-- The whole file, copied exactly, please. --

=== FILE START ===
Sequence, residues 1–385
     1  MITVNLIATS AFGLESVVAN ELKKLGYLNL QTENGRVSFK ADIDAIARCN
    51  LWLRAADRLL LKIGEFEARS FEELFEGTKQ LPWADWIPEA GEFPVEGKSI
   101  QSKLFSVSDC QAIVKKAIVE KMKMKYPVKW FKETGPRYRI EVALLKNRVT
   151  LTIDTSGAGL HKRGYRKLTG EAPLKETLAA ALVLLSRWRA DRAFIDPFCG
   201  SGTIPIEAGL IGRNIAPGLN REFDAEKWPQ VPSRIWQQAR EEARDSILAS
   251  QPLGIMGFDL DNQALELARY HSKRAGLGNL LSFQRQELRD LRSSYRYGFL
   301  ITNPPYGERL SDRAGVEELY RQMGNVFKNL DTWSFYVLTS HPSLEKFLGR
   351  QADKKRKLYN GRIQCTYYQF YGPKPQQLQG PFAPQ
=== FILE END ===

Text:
Sequence, residues 1–385
     1  MITVNLIATS AFGLESVVAN ELKKLGYLNL QTENGRVSFK ADIDAIARCN
    51  LWLRAADRLL LKIGEFEARS FEELFEGTKQ LPWADWIPEA GEFPVEGKSI
   101  QSKLFSVSDC QAIVKKAIVE KMKMKYPVKW FKETGPRYRI EVALLKNRVT
   151  LTIDTSGAGL HKRGYRKLTG EAPLKETLAA ALVLLSRWRA DRAFIDPFCG
   201  SGTIPIEAGL IGRNIAPGLN REFDAEKWPQ VPSRIWQQAR EEARDSILAS
   251  QPLGIMGFDL DNQALELARY HSKRAGLGNL LSFQRQELRD LRSSYRYGFL
   301  ITNPPYGERL SDRAGVEELY RQMGNVFKNL DTWSFYVLTS HPSLEKFLGR
   351  QADKKRKLYN GRIQCTYYQF YGPKPQQLQG PFAPQ